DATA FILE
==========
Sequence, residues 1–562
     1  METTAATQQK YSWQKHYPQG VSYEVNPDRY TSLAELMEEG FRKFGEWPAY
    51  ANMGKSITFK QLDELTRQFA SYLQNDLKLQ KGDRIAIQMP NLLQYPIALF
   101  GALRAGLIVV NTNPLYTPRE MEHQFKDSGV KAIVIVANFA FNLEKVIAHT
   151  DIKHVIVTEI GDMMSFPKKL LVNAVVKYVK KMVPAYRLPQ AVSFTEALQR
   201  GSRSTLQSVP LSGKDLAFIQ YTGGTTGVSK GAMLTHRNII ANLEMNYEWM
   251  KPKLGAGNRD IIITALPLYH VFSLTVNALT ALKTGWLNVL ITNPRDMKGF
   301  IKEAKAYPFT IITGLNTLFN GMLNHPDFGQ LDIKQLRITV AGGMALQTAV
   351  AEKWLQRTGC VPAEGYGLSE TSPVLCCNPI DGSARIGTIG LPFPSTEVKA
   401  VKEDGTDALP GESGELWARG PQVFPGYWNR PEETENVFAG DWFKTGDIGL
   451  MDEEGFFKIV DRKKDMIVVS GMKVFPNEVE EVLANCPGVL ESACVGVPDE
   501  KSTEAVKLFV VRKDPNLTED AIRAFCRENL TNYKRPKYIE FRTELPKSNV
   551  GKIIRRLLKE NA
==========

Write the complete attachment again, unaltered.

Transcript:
Sequence, residues 1–562
     1  METTAATQQK YSWQKHYPQG VSYEVNPDRY TSLAELMEEG FRKFGEWPAY
    51  ANMGKSITFK QLDELTRQFA SYLQNDLKLQ KGDRIAIQMP NLLQYPIALF
   101  GALRAGLIVV NTNPLYTPRE MEHQFKDSGV KAIVIVANFA FNLEKVIAHT
   151  DIKHVIVTEI GDMMSFPKKL LVNAVVKYVK KMVPAYRLPQ AVSFTEALQR
   201  GSRSTLQSVP LSGKDLAFIQ YTGGTTGVSK GAMLTHRNII ANLEMNYEWM
   251  KPKLGAGNRD IIITALPLYH VFSLTVNALT ALKTGWLNVL ITNPRDMKGF
   301  IKEAKAYPFT IITGLNTLFN GMLNHPDFGQ LDIKQLRITV AGGMALQTAV
   351  AEKWLQRTGC VPAEGYGLSE TSPVLCCNPI DGSARIGTIG LPFPSTEVKA
   401  VKEDGTDALP GESGELWARG PQVFPGYWNR PEETENVFAG DWFKTGDIGL
   451  MDEEGFFKIV DRKKDMIVVS GMKVFPNEVE EVLANCPGVL ESACVGVPDE
   501  KSTEAVKLFV VRKDPNLTED AIRAFCRENL TNYKRPKYIE FRTELPKSNV
   551  GKIIRRLLKE NA